European equities have seen a three-month streak of net outflows now, with both active funds and ETFs suffering large redemptions. It’s the first time this has happened since the second half of 2014, and the outflows have actually grown larger by the month, reaching €8.5bn in April according to fund flows data from Morningstar.
The outflows are somewhat conspicuous, considering that very few fund buyers in Europe have actually been planning to reduce their exposure to European equities recently. However, our latest asset allocation sentiment data collected in Luxembourg, a microcosm of European finance, show that appetite for European equities is on the wane. This still doesn’t explain the intensity of the sell-off though, so we’ll keep a close eye on it over the coming months.
GEM equities: the exception
Japanese and UK equities are experiencing similar sell-offs, suggesting equities in general are starting to lose favour with investors. There is one exception, however: emerging market equities. Following a pattern of negative correlation we have observed before, global emerging market equities experience net inflows when European equities see net outflows.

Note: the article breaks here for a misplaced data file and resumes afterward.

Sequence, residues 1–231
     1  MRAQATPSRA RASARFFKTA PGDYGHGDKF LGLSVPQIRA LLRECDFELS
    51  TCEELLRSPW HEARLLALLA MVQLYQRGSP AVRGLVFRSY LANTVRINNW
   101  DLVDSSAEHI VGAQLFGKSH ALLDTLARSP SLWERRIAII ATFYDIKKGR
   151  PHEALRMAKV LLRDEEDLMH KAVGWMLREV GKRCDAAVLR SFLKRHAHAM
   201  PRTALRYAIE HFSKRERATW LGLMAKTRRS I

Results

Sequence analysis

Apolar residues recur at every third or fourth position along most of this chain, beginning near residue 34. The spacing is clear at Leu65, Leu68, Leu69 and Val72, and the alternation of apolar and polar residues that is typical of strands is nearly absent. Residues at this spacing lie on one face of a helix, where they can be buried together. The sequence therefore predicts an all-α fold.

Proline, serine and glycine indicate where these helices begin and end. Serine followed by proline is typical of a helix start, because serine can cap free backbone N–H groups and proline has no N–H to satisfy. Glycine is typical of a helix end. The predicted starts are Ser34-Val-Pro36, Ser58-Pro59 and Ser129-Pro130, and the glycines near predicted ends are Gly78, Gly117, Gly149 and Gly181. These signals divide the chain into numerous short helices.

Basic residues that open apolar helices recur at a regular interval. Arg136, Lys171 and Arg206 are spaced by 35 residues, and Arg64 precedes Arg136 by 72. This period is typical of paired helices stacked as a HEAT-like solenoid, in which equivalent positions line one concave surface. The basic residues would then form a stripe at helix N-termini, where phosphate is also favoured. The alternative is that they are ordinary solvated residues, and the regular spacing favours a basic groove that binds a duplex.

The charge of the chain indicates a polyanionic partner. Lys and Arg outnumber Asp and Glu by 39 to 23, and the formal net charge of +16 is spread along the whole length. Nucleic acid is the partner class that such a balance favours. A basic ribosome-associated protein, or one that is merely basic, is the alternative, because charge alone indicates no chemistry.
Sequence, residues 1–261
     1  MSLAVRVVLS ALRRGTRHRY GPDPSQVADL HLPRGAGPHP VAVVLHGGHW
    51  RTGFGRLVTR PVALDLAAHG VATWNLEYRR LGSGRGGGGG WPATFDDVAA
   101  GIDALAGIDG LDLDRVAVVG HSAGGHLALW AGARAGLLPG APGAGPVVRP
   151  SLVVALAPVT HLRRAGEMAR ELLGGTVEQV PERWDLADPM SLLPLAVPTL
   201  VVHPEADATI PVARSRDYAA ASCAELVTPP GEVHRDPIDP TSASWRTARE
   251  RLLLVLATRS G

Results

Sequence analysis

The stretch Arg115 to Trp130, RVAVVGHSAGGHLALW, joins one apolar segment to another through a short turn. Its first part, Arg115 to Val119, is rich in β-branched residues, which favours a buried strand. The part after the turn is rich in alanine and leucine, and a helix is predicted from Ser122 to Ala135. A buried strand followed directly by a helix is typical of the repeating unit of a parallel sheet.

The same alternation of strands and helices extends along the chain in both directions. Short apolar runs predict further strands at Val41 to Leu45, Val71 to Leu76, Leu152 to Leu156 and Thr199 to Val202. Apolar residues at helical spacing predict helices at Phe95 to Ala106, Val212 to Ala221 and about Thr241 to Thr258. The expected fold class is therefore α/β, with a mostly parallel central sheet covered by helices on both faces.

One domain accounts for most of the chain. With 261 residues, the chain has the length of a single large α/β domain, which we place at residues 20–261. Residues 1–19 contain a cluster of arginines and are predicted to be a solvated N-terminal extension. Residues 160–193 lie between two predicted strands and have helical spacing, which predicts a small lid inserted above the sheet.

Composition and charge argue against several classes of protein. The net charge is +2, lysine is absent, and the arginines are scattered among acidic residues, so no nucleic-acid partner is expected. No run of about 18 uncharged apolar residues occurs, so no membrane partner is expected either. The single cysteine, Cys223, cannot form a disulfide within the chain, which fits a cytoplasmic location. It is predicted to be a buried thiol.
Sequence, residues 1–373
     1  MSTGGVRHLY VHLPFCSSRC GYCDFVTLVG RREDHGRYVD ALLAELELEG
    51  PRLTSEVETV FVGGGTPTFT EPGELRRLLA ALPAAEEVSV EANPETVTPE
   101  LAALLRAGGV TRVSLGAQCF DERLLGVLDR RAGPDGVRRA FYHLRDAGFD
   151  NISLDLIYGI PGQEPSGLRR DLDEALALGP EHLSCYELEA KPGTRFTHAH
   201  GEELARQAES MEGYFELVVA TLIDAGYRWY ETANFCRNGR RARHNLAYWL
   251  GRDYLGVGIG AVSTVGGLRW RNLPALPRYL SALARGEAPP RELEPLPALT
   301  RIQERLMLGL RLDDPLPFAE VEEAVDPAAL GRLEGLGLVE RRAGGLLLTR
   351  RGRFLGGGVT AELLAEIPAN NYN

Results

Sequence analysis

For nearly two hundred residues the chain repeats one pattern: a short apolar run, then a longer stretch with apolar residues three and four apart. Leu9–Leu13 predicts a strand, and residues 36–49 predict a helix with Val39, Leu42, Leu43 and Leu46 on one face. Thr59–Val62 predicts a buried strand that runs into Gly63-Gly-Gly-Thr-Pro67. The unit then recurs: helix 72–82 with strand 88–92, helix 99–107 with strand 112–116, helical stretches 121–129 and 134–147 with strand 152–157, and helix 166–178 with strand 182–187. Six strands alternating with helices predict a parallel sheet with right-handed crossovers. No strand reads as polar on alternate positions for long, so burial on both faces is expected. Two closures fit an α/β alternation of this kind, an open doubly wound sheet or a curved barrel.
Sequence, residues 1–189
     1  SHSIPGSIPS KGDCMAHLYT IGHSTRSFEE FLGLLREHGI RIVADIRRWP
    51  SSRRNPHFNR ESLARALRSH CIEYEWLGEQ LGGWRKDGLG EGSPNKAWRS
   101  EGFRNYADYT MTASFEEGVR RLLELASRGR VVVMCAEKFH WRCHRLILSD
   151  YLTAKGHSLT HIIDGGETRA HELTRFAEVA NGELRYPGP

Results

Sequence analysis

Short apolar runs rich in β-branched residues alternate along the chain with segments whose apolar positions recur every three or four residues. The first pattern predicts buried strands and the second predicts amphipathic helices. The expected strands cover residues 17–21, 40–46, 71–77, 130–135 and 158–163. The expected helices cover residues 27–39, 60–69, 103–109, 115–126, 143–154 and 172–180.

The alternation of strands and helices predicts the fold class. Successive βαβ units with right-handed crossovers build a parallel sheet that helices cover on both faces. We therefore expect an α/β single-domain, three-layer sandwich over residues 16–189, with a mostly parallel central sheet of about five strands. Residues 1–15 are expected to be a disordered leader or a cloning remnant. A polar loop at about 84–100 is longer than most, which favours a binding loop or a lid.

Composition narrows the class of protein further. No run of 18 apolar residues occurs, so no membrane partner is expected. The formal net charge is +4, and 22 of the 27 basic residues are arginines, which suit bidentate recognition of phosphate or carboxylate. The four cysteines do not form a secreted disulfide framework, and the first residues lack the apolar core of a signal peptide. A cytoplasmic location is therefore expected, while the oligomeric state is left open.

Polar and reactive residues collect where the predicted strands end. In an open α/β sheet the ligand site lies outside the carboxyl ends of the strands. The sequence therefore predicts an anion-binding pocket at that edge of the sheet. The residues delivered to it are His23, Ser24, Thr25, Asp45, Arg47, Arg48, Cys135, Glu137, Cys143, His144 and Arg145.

Investors chipped in €2.9bn into GEM equities in April, two thirds of which went to index trackers. Expert Investor’s investment sentiment data prove a more reliable guide here than they do for European equities. Since the end of last year, the share of fund buyers intending to increase their allocation to global emerging market equities has edged up considerably. Since December, close to four in 10 of your peers have said they want to increase their allocation to the asset class. These intentions now seem to have translated into flows.
The interest in emerging markets looks to a large extent like a bet on a commodity rebound. While interest in global emerging market equities has soared, Asia ex-Japan equities have suffered outflows every month of the year so far.
Here you can see a full overview of all the latest fund flows.